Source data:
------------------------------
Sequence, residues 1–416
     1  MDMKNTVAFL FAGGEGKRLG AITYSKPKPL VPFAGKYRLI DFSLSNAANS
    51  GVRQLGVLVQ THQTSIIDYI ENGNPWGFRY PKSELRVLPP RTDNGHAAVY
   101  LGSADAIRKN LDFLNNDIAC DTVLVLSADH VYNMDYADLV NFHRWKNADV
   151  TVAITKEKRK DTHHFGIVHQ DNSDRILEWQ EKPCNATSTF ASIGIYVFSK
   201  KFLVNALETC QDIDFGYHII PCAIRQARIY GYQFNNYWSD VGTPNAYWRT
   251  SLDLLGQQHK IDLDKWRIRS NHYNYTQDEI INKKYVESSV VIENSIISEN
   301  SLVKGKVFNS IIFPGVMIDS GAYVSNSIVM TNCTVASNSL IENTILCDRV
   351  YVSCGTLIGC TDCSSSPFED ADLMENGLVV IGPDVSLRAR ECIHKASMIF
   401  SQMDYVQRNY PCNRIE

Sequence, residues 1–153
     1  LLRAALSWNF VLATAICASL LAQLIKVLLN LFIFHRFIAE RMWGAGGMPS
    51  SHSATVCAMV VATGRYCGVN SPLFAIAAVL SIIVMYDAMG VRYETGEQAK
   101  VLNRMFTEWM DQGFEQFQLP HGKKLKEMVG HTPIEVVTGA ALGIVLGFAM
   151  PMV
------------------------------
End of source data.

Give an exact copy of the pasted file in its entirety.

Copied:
Sequence, residues 1–416
     1  MDMKNTVAFL FAGGEGKRLG AITYSKPKPL VPFAGKYRLI DFSLSNAANS
    51  GVRQLGVLVQ THQTSIIDYI ENGNPWGFRY PKSELRVLPP RTDNGHAAVY
   101  LGSADAIRKN LDFLNNDIAC DTVLVLSADH VYNMDYADLV NFHRWKNADV
   151  TVAITKEKRK DTHHFGIVHQ DNSDRILEWQ EKPCNATSTF ASIGIYVFSK
   201  KFLVNALETC QDIDFGYHII PCAIRQARIY GYQFNNYWSD VGTPNAYWRT
   251  SLDLLGQQHK IDLDKWRIRS NHYNYTQDEI INKKYVESSV VIENSIISEN
   301  SLVKGKVFNS IIFPGVMIDS GAYVSNSIVM TNCTVASNSL IENTILCDRV
   351  YVSCGTLIGC TDCSSSPFED ADLMENGLVV IGPDVSLRAR ECIHKASMIF
   401  SQMDYVQRNY PCNRIE

Sequence, residues 1–153
     1  LLRAALSWNF VLATAICASL LAQLIKVLLN LFIFHRFIAE RMWGAGGMPS
    51  SHSATVCAMV VATGRYCGVN SPLFAIAAVL SIIVMYDAMG VRYETGEQAK
   101  VLNRMFTEWM DQGFEQFQLP HGKKLKEMVG HTPIEVVTGA ALGIVLGFAM
   151  PMV